With an engineering degree, a graduate leaves MMA with an ability to solve problems and create solutions that have wide applicability, she adds.
An interesting example is Alaina (Hanlon) Adams ’03 who came to MMA in pursuit of a Marine Systems Engineering degree literally with stars in her eyes.
“I wanted to work with NASA,” she says, “and realized an engineering degree from MMA would give me an edge and position me for that goal.”
For Adams, MMA’s engineering program stood out because of its unique hands-on, approach to applied learning, complemented by strong theoretical and classroom components. “Plus,” she says, “traveling the world on the academy’s training ship sounded like an amazing adventure I couldn’t experience anywhere else.”
In the nearly two decades between Knight’s and Adams’ enrollments, hundreds of women have graduated from MMA and proved themselves more than capable in maritime, science, technical trades and more.
“My experience at MMA was very positive,” Adams says. “Not to say there weren’t challenges, there were, but they helped prepare me for similar challenges I would face in the future.
You have to make all the no’s and rejection you receive lead to direction, clarity and motivation…and persistence, persistence, persistence.
“I am very grateful to my engineering professors, many of whom I’m still in close contact with today. They demonstrated a genuine interest in helping students succeed.”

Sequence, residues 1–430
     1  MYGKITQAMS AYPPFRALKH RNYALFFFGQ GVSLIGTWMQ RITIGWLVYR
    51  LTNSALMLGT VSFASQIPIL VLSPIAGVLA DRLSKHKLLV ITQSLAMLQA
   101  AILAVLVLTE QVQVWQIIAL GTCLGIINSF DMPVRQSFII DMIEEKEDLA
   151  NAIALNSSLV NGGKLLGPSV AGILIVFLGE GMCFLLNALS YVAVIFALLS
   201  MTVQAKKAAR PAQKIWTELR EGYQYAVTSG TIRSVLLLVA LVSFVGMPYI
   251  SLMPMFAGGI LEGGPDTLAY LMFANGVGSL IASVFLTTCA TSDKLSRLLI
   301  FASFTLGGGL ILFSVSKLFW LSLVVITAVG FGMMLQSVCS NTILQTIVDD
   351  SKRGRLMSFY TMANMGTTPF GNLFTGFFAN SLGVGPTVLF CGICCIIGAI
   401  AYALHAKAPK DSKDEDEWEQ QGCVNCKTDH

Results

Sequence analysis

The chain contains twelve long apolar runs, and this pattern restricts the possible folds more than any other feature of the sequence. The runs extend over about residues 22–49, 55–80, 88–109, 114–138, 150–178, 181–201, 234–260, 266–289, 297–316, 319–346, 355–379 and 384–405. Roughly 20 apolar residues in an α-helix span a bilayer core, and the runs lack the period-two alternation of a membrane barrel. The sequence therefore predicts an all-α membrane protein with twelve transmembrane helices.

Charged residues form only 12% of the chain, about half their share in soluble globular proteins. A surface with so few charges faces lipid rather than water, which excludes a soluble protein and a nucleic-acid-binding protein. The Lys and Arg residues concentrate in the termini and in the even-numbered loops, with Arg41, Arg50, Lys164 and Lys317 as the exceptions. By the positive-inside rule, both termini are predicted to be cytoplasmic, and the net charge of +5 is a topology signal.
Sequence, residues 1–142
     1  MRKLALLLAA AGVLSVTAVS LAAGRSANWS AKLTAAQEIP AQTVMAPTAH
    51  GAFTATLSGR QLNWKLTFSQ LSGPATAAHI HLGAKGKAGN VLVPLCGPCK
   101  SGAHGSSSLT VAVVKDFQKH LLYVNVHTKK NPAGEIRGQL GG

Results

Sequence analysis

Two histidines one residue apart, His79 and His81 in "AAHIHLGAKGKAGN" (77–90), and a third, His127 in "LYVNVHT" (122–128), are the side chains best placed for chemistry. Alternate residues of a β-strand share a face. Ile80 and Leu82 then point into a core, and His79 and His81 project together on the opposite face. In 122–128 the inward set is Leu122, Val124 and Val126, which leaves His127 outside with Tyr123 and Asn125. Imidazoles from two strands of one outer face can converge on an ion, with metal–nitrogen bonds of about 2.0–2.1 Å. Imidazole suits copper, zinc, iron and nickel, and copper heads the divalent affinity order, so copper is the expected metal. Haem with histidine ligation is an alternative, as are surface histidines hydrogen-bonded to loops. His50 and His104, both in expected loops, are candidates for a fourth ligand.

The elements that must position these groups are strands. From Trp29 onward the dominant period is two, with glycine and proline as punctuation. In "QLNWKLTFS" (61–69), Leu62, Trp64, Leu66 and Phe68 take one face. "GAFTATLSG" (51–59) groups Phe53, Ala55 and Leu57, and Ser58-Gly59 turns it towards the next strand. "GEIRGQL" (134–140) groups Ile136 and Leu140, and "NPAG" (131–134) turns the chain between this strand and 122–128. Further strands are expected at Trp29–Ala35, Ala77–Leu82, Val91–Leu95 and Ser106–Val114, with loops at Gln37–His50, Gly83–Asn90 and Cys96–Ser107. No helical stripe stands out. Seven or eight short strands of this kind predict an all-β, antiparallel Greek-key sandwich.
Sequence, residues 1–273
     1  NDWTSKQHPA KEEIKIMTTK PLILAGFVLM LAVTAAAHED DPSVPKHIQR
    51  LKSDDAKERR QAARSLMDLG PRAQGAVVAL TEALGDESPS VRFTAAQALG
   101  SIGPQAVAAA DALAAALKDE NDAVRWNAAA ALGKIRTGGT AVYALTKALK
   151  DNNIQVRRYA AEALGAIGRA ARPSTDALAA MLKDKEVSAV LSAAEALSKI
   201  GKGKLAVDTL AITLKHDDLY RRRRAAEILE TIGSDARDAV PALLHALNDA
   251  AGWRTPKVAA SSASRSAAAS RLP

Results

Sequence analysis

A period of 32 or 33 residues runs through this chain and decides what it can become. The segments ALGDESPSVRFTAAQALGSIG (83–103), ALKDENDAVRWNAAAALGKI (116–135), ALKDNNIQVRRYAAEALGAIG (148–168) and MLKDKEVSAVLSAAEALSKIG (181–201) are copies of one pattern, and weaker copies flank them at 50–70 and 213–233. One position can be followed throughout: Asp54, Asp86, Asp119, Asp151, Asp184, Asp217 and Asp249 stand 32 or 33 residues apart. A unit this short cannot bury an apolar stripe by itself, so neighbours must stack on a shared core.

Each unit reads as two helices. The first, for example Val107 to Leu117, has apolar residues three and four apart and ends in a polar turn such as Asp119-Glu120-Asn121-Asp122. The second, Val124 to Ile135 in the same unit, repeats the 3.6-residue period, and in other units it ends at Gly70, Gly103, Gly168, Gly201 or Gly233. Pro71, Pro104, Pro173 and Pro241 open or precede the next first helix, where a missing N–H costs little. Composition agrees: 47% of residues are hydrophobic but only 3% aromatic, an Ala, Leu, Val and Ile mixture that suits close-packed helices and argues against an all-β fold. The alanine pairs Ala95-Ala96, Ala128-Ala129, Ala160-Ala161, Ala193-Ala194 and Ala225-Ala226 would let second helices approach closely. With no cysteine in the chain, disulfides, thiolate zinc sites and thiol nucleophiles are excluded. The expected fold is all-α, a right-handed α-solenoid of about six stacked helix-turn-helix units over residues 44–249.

Adams developed leadership skills as a midshipman training officer, Cadet Assistant Engineer and captain of several sports teams—and a deep passion for engineering.
She obtained her master’s and doctorate degrees in mechanical engineering at the University of Massachusetts, Amherst where she conducted research related to NASA and aerospace—specifically, materials manufacturing in space and a novel thermal monitoring and detection system for spacecraft.
As a graduate student, her work led her to start her first company, which developed sensing systems capable of self-diagnosing problems and sending alerts, not only for aerospace vehicles but infrastructure, as well as therapeutic devices for healthcare prevention systems.
Partnering with a leading research hospital in Boston, she started her next company focused on preventing diseases, such as type 2 diabetes, using sensing technology, “big data,” predictive analytics and clinical intervention techniques.
Becoming a business executive has brought its own set of hard-won lessons for Adams, but her solutions have a touchstone in her days at MMA.
“You have to make all the no’s and rejection you receive lead to direction, clarity and motivation,” she says, “and persistence, persistence, persistence.
“Being an engineer turned out to be a great background for being a CEO,” she says. “I was a problem-solver. I could see the big picture, as well as the details needed to get there.”